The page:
Analysis: Dash for gas in response to Russia/Ukraine crisis could lock in warming

Press release

In the wake of Russia’s illegal invasion of Ukraine, the rush to build new gas infrastructure around the world to replace Russian supplies will either lock the world into irreversible warming, or create a mass of stranded assets, according to new analysis released by the Climate Action Tracker (CAT) today.

The CAT has looked at government responses to the global energy crisis, and found the majority of them have moved to lock in more fossil energy rather than taking other steps that would ultimately assist them to decarbonise their economies.

“We’re about to witness a global “gold rush” for new fossil gas production, pipelines and LNG facilities, risking locking us into another high-carbon decade and keeping the Paris Agreement’s 1.5˚C warming limit out of reach,” said Niklas Höhne of NewClimate Institute, a CAT partner organisation.

  • New planned LNG facilities in the EU (specifically Germany, Italy, Greece and the Netherlands) could result in the region’s gas supplies being increased by a quarter more gas than it had before reducing gas imports from Russia.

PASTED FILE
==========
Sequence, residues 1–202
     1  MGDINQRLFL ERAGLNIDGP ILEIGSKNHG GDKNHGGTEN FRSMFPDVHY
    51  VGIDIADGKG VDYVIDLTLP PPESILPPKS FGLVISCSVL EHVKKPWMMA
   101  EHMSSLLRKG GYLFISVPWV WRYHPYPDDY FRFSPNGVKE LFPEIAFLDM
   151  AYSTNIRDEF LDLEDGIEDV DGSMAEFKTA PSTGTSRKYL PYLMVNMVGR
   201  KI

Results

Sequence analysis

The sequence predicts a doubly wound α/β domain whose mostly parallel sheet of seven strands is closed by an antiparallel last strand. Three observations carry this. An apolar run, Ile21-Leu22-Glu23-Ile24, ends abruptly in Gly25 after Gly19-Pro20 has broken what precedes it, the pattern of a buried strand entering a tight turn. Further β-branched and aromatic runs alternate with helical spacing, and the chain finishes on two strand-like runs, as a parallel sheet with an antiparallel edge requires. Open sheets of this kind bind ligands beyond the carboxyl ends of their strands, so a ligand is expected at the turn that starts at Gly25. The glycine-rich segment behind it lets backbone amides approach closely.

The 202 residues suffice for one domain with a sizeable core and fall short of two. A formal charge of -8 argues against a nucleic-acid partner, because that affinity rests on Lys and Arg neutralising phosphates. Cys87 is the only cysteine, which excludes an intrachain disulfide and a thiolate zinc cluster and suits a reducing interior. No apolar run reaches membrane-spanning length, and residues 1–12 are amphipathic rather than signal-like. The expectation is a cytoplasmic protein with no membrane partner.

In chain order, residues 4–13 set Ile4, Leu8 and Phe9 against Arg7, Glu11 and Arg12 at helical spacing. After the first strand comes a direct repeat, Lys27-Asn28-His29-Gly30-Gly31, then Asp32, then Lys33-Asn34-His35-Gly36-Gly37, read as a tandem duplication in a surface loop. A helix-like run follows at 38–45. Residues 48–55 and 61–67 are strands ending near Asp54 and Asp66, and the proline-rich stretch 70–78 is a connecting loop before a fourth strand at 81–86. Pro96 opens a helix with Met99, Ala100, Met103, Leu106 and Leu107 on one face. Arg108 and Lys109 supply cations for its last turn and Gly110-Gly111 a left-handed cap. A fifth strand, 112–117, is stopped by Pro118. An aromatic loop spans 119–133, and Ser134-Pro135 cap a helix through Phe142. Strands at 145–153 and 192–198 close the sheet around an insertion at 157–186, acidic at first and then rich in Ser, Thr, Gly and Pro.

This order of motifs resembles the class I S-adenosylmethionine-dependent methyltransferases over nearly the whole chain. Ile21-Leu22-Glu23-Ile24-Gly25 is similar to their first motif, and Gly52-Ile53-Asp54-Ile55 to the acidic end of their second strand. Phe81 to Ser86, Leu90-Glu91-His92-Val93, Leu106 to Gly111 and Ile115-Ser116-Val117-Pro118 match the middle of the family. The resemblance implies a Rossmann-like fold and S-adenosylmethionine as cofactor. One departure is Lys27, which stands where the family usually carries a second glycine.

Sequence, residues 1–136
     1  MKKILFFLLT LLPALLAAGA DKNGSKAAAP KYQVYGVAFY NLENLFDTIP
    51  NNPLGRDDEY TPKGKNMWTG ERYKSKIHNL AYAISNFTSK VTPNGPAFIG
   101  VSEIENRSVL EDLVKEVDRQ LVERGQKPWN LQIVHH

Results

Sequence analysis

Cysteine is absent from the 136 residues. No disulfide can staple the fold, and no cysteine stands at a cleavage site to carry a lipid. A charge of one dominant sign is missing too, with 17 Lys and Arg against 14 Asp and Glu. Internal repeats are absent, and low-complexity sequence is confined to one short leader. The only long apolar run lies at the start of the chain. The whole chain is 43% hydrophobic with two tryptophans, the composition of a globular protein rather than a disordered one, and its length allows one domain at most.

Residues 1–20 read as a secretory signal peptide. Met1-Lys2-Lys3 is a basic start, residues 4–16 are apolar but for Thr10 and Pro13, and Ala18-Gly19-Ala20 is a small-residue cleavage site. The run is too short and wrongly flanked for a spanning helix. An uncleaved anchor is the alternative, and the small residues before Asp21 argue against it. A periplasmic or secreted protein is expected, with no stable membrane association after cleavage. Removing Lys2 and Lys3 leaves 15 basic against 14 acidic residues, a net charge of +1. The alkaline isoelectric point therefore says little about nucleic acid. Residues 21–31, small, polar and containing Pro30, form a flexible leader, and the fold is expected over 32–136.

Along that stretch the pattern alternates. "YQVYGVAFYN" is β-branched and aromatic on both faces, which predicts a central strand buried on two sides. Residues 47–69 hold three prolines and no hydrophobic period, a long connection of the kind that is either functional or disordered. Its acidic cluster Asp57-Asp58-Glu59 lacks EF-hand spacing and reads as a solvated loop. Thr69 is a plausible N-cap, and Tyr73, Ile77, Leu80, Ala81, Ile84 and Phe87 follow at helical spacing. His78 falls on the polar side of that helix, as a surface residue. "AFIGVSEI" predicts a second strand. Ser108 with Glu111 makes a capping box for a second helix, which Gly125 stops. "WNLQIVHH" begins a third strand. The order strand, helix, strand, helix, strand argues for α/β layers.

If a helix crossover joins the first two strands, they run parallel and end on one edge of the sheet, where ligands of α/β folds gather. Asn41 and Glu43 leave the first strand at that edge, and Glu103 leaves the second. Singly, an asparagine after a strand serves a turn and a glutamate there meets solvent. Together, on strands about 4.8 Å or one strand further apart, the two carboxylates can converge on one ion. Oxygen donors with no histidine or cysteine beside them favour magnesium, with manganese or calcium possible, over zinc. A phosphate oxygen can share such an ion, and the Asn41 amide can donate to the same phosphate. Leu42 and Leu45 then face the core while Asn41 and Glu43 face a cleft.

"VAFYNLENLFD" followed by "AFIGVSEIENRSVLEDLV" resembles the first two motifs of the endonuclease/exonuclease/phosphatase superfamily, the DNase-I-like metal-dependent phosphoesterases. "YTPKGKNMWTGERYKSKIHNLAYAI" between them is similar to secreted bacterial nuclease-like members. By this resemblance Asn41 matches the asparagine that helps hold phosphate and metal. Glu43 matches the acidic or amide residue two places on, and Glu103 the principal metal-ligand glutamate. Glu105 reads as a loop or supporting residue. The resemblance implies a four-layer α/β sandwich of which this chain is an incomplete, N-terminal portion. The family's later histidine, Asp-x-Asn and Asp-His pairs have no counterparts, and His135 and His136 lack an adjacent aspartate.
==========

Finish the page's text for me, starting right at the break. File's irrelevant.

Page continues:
• Canada plans to fast track new LNG projects to increase exports.
  • The US has signed a deal to export additional LNG to the EU. Qatar and Egypt have signed similar deals with Germany and Italy, respectively. Algeria has signed a deal to export additional gas via pipeline to Italy.
  • In Africa, old gas pipeline projects are being revived (e.g. Nigeria) and countries with previously no fossil gas exports (e.g. Senegal) are now encouraged to supply gas to Europe.
  • Domestic fossil fuel production has increased in the US, Canada, Norway, Italy and Japan, and new long-term import contracts are closed or extended in the UK, Germany, Poland and Italy.

“The world missed the massive opportunity it had to use the post-pandemic recovery packages to support decarbonisation of their economies - and now it seems this will happen all over again, with this new crisis,” said Bill Hare, CEO of Climate Analytics, the other CAT partner organisation.

“Something has to change: we cannot go on responding to short term shocks, be they pandemics or energy shocks from conflict, by taking steps that would increase emissions, ignoring the looming crisis of climate change.”

The CAT has gone through a series of possible actions in response to the global energy crisis, both good and bad for the climate, and listed which countries have taken steps that would reduce emissions, such as increasing renewable energy, energy efficiency, incentivising use of public transport, and which countries have taken steps that would increase emissions.

It found a plethora of new gas projects, many of which would not be built in time to provide the energy the world needs right now, but which would, instead, both increase emissions in the long term, locking in carbon intensive infrastructure for decades into the future, undermining efforts to increase ambition by 2030 that were agreed as a priority in Glasgow.

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